Senator Lynn Beyak has been under fire for racist letters posted to her government-funded website. (APTN file)The Canadian PressThe Senate’s ethics committee is recommending that Sen. Lynn Beyak be suspended without pay for the duration of the current Parliament over letters about Indigenous people she has posted to her website.The committee’s recommendations include that Beyak attend educational programs at her own expense related to racism toward Indigenous people in Canada.The committee’s report also says the Senate administration should be directed to immediately remove five letters from her website if she won’t remove them herself.The Senate ethics committee was tasked with recommending appropriate remedial measures or sanctions for Beyak based on findings from the Senate’s ethics officer.The officer reported in March that the Ontario senator posted letters on her Senate website that contained racist content and therefore breached two sections of a code of conduct for senators.Beyak could not immediately be reached for comment in response to the Senate committee findings.
It’s never been a popular idea in Wild Rose Country, but a left-wing lobby group says introducing a sales tax could help generate the revenue needed in Alberta to maintain public services.Public Interest Alberta appeared with the United Nurses of Alberta, the Alberta Union of Provincial employees and others on Tuesday, to launch its Revenue Reno campaign, which calls for either PST or changes to personal income taxes.We are pleased to announce our latest campaign, Revenue Reno, calling for the provincial government to fix Alberta’s revenue shortage to protect and revitalize our public services. Read our media release: https://t.co/ZU7WNVTcGN #abpoli #ableg #abbudget pic.twitter.com/HXjN3xlbOz— Public Interest AB (@PIAlberta) March 13, 2018“Either way it’s the same people paying, so it’s a matter of how we want to structure that,” said executive director Joel French. “A sales tax has some advantages over personal income taxes in that it’s a tax that’s very hard for people to avoid. With personal income taxes, particularly for wealthy individuals, there are tax write-offs and ways to get around that.”According to the group, every one per cent in sales tax generates $1 to $1.5 billion a year.“HSAA’s members are health care experts who work on the frontlines and know better than anyone that there’s nothing left to cut. The healthcare cupboard is bare. If Alberta doesn’t find a way to create new revenue, frontline public care will have to be slashed and the effect on the work our members do, and on patients, will be devastating. We need revenue reform, and we need it now,” stated president Mike Parker of the Health Sciences Association of Alberta.Public Interest Alberta is encouraging people to visit RevenueReno.ca and speak to their local MLAs about taxes.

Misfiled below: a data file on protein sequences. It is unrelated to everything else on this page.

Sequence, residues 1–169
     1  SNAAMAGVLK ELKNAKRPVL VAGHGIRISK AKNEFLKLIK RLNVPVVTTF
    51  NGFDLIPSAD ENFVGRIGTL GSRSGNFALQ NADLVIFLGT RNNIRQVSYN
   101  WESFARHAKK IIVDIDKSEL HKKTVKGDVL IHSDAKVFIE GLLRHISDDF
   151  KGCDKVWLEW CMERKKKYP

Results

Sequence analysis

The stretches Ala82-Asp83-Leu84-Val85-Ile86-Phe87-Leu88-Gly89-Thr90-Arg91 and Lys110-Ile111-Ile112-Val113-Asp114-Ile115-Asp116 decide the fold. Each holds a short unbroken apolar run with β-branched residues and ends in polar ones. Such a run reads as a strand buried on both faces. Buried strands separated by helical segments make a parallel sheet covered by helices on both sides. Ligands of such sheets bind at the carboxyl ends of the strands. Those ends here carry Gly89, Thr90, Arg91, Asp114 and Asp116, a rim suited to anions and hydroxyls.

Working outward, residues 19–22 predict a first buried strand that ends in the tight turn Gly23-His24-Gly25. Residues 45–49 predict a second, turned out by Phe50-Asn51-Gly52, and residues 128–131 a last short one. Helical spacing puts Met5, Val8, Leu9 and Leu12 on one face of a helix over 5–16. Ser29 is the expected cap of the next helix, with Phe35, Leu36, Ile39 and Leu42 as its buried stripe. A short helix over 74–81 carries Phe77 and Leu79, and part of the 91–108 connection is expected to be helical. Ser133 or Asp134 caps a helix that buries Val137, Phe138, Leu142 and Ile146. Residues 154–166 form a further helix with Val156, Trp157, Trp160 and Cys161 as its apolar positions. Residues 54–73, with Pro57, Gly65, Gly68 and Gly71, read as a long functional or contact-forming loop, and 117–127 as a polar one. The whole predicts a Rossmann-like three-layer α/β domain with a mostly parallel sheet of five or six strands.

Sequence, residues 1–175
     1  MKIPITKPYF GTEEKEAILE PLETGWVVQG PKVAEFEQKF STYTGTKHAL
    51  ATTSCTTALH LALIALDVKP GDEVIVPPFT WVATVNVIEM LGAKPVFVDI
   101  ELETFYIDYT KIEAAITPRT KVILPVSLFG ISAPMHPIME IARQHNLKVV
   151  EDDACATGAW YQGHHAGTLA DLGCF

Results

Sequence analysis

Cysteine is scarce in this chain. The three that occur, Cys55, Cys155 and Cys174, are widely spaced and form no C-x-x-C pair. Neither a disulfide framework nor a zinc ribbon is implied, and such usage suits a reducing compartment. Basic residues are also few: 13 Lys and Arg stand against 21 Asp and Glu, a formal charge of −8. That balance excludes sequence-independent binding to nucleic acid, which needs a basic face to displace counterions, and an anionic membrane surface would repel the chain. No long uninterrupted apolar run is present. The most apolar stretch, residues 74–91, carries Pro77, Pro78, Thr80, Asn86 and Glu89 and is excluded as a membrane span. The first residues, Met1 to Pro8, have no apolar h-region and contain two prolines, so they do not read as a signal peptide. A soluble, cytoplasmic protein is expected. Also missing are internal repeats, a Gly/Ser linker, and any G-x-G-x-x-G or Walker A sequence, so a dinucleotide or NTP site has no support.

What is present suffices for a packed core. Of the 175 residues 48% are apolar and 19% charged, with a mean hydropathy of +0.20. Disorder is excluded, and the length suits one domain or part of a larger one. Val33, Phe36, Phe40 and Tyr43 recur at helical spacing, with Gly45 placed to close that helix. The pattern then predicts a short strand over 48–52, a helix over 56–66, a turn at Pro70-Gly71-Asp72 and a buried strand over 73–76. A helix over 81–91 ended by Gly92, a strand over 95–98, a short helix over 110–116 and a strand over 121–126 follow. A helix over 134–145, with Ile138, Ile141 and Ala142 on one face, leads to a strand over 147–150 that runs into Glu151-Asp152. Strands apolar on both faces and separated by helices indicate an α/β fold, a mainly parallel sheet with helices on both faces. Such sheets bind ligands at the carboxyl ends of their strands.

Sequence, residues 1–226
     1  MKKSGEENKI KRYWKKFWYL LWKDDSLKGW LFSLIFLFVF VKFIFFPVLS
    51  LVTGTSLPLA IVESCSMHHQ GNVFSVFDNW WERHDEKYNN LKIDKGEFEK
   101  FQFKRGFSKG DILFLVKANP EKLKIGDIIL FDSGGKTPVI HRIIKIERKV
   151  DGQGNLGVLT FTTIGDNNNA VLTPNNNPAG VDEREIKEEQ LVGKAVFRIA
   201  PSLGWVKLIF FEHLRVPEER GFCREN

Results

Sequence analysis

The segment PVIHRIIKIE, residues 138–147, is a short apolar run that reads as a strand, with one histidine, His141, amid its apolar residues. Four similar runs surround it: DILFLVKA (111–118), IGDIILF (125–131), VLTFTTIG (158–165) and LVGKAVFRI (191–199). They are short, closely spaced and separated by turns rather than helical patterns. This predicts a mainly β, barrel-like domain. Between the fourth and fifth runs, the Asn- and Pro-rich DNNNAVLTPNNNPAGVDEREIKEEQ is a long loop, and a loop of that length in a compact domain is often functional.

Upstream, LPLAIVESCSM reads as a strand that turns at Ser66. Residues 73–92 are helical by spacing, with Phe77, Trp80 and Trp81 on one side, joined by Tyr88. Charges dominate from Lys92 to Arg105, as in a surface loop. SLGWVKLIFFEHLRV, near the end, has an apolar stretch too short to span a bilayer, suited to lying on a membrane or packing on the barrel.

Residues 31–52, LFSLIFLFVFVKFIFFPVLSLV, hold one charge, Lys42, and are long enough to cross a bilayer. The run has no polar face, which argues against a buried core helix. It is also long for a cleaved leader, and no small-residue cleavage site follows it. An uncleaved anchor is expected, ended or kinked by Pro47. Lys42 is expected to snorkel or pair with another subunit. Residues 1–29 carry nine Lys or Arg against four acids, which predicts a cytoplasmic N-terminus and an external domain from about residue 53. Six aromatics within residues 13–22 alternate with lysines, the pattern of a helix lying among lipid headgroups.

DETROIT — General Motors strengthened its pretax profit estimate for 2018 and predicted even stronger performance for 2019 as it executives made a presentation to investors on Friday.CEO Mary Barra also says the company doesn’t foresee any further job cuts through 2020. Last year GM announced plans to close five North American factories and lay off 14,000 salaried and blue-collar workers.The company predicts 2018 pretax profits will be higher than the $5.80 to $6.20 range it forecast in the third quarter. For 2019, it expects that to increase to $6.50 to $7.The rosy profit forecast comes despite declining sales for the company in the U.S. and slowing sales in China. GM also plans to exit several car lines in the U.S. in the coming year.The Associated Press
Council will review the policy on Monday and determine the next steps to update the snow removal policy. The full report being presented to Council is below. Snow removal is a source of financial stress for the City with snowfall amounts being unpredictable, finding the most financially efficient way to move the snow is an asset.With the 2017 and 2018 budgets exceeding the allocated snow clearing funds due to heavy snowfall. Having the right equipment and system in place is a must to ensure priorities for snow and ice control for streets, parking lots, and sidewalk/trails.The draft policy that will be presented to Council on Monday identifies priorities for snow and ice control for streets, parking lots, and sidewalk/trails. It also identifies levels of response which are operationalized in the administrative procedure.The draft also allows for the use of contracted services to help with clearing the streets and parking lots. Typically the contractors would work in a residential area, allowing City crews to move back to higher priority areas if required. It also allows for the ability to open a street, to make it safer to drive one – although it is not cleared from curb to curb. Crews would later go back and clear the street from curb to curb. FORT ST. JOHN, B.C. – Fort St. John City Council will hear from City staff Monday about a new plan for clearing snow in the City.Staff say the City can’t meet the existing policy directive with current resources. During the last review of the policy in 2010, staff changed to the current procedure that takes much longer to remove snow but doesn’t block residential drives. Before 2010, plow trucks were used to remove snow with clearing completed within one to two days, yet the plows filled peoples driveways.Council asked staff before Christmas to review the current procedure and policy to align the two and to improve efficiencies.